In October 2004, O2 Micro filed a lawsuit against two other MPS customers in the Eastern District of Texas, accusing them of infringing U.S. Patent No. 6,804,129 (“′129 patent”). The case was subsequently transferred to the Northern District of California, and consolidated with MPS's suit filed in May 2004, discussed above. After the transfer, O2 Micro withdrew from the case, covenanting not to sue MPS and its two customers for infringement of the ′ 129 patent.
In July 2005, O2 Micro asserted the ′129 patent again in the Eastern District of Texas against a third MPS customer, prompting MPS to file another declaratory judgment action against O2 Micro in May 2007. O2 Micro fought the suit with two motions to dismiss for lack of subject matter jurisdiction, but they were denied. O2 Micro then covenanted not to sue MPS and its customers for infringement of the ′129 patent, and stipulated to the dismissal of the suit.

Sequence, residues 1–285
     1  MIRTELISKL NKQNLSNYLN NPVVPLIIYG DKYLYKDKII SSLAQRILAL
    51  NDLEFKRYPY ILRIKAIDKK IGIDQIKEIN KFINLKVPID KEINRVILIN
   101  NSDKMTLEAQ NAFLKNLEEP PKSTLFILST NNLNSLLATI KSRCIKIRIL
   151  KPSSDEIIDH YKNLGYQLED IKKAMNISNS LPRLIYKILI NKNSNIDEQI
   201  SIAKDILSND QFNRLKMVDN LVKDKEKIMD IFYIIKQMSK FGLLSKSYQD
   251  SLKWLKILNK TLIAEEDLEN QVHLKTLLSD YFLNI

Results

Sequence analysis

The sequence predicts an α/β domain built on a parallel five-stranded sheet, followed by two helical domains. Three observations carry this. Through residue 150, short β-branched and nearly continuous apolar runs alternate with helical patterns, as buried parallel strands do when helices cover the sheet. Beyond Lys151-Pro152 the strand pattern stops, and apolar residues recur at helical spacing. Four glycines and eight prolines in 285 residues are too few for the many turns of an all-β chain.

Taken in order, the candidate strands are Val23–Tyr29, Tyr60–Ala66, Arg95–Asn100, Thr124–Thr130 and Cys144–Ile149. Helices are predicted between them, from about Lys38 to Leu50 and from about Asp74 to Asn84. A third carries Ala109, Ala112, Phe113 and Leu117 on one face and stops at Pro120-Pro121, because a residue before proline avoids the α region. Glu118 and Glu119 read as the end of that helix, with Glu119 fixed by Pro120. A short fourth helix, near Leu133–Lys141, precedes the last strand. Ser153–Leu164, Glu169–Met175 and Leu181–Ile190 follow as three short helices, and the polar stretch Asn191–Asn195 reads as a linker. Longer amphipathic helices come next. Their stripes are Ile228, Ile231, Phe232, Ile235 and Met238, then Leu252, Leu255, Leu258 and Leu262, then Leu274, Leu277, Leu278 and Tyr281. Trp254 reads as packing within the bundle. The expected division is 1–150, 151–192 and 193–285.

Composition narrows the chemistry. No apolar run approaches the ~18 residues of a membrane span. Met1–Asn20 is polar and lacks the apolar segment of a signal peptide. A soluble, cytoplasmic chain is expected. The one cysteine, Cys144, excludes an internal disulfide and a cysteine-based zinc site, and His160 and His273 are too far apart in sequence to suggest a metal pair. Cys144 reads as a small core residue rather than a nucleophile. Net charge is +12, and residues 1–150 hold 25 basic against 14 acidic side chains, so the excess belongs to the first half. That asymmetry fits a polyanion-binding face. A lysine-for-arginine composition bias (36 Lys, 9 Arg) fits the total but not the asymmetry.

B. Current Litigation
This brings us to the current litigation. In October 2008, MPS filed a declaratory judgment action against O2 Micro, seeking declarations of noninfringement and invalidity with respect to four related O2 Micro patents: U.S. Patent Nos. 6,856,519, 6,809,938, 6,900,993, and 7,120,035 (“′519 patent family”). Before MPS served the complaint, but after O2 Micro had learned of the lawsuit, O2 Micro had filed a complaint in the International Trade Commission (“ITC”), under § 337 of the Tariff Act of 1930, against MPS and its customers, including ASUSTeK. The § 337 complaint alleged that MPS's and ASUSTeK's imports infringed three of the four patents in the ′519 patent family, as well as U.S. Patent No. 7,417,382 (“′382 patent”).2